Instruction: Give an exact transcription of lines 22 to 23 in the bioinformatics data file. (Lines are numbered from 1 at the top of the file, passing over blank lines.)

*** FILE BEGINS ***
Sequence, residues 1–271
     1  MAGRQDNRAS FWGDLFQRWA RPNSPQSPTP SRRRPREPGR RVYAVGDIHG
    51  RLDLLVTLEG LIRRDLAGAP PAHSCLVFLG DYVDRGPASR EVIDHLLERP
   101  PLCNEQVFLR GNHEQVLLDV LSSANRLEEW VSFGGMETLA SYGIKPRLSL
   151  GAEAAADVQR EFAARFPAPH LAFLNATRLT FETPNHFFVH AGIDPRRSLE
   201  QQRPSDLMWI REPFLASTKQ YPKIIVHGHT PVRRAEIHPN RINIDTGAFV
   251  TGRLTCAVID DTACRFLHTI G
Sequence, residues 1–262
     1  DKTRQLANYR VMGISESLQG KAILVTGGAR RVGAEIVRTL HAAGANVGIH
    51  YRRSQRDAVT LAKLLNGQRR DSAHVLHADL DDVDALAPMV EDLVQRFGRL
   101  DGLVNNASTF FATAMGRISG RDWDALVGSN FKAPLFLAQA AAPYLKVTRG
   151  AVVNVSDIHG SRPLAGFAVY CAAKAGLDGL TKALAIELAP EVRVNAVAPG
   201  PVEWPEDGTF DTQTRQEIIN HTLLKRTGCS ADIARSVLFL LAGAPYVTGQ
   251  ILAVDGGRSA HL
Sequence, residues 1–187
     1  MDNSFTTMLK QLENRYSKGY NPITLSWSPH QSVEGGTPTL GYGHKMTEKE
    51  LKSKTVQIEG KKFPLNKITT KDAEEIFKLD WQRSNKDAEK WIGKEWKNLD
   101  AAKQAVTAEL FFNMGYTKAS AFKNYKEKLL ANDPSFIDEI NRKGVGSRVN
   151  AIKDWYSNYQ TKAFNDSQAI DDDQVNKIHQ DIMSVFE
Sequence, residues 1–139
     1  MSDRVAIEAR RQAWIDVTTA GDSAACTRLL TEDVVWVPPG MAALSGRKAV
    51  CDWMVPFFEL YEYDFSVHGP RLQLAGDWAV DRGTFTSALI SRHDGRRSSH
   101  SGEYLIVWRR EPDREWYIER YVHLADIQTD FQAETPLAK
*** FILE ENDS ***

    51  CDWMVPFFEL YEYDFSVHGP RLQLAGDWAV DRGTFTSALI SRHDGRRSSH
   101  SGEYLIVWRR EPDREWYIER YVHLADIQTD FQAETPLAK